I am not an unadulterated fan of Radiohead in the same way as I am a fan of The Kinks, for example. The Kinks have done some horrible stuff, a few great things, some of their good stuff is even schmaltzy and a bit juvenile, admittedly. But, they hold a special place in my heart. Ray is an unusual person. He is the father of a child with Chrissie Hynde, one of my favorite female songwriters and rock performers. He’s also a vegetarian who has been known to indulge in vanilla milkshakes after a concert rather than a bottle of Jack Daniels.
Their U.S. appearance in St. Paul, MN, in September, 1981 was my very first rock concert. And—“L-O-L-A”—I was not disappointed. To this day, I want women to have dark-brown voices and, should they squeeze me tight, want them to nearly break my spine, oh, my Lola. La-la-la-lay Lola.
Radiohead has appeared on the scene long after I can give my heart and a good chunk of nostalgic memory over so readily. Yet, they battle for ground within my head. And, goddamn them, they’re doing pretty well at setting up their musical shop there.
Since I’m not knowledgeable about musical structure I’m unable to tell you why I hear some of the things about Radiohead that I’ve heard. NPR did a short piece last year about a classical musical composer who is attempting to create arrangements of Radiohead songs that can be performed by orchestra. He feels that their music—the chord structures, time signatures, etc.—are challenging and inventive enough to create interest for a classical music audience.
For me, the attraction is watching Thom Yorke, that overexcitable elf (and I mean that in the best sense, Mr. Yorke), as he gets punk–rock‘n’roll–crazy while performing his songs. There’s an energy there that is infectious. And even with my limited musical understanding I can feel that the songs are not just verse–chorus–verse–chorus, etc., and all of it made of one slab of the same-colored plastic 95% of radio’s pop trash is built from. And by that I mean pop trash that has no feeling, no righteous groove and no development of lyric, mood or tempo.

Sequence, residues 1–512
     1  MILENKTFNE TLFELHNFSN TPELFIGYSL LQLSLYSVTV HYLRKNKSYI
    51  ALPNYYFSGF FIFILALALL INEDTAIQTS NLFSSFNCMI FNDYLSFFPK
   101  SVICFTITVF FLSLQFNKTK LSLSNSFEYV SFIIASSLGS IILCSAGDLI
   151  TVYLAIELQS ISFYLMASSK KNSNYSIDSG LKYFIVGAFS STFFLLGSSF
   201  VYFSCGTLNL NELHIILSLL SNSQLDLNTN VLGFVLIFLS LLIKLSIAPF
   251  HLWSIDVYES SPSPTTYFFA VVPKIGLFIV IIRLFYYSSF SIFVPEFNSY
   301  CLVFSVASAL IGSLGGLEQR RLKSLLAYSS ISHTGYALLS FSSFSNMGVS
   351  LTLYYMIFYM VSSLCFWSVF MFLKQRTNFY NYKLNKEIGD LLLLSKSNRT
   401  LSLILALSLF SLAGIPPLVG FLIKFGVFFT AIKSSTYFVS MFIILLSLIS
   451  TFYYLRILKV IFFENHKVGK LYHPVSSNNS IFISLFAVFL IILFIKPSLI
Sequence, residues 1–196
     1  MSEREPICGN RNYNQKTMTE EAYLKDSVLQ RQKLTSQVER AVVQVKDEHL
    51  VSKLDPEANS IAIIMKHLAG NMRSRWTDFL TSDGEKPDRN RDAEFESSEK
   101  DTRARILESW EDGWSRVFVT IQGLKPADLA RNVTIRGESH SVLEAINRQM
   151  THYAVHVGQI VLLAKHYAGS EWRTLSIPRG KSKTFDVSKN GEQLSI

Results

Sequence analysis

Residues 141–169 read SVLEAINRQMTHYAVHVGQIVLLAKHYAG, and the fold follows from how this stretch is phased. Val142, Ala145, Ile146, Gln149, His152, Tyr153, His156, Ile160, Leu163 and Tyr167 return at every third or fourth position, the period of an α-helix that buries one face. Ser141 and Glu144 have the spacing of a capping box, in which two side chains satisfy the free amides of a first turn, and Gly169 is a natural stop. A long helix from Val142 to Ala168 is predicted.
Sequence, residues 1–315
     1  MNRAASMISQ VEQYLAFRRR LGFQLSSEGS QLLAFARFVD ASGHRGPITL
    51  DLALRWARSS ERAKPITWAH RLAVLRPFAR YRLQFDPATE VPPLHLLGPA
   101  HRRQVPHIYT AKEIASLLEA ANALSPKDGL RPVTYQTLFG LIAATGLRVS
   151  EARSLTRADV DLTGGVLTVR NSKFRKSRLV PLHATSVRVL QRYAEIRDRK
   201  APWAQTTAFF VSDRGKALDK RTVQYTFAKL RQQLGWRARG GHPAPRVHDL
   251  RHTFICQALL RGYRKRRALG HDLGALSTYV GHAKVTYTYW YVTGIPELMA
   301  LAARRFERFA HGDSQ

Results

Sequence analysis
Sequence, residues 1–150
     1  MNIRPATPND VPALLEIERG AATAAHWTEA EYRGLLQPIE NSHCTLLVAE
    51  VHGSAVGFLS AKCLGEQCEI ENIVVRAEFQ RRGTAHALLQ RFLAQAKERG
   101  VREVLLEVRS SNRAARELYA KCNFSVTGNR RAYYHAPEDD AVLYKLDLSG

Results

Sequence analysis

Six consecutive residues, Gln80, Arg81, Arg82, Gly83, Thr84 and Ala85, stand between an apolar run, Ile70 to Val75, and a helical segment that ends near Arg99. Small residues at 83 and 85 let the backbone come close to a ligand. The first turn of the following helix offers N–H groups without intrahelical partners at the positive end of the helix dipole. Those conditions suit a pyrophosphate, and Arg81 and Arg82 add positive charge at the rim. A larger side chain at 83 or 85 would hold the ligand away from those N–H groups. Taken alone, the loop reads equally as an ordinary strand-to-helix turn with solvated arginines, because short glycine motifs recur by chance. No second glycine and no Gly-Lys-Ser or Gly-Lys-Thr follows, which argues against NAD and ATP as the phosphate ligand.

Radiohead’s songs don’t even wander close to that kind of pop boneyard and yet they maintain some pop accessibility which, according to the more complicated qualities I’ve said they possess, they have no right to encourage this kind of happy, uncritical enjoyment by the listener.
Rather than go on all day about what their music is or is not like, let me post a new Radiohead song from their latest album, “In Rainbows.” Did I mention that Radiohead had a marketing experiment going on in which people could buy their latest album buy naming their own price (until 12/2007)?
Here’s a link for an interview with Thom Yorke (Thom Yorke Interview 3) talking about the problem of global warming and how ignorant and sold-out we look from the U.K.’s side of the Atlantic.
The video, “Bodysnatchers,” from Radiohead.
P.S. Mr. Yorke and company, if you read this, please share the wealth and send me one of those older Fender guitars, OK?
A guitarless, guitarist wannabe.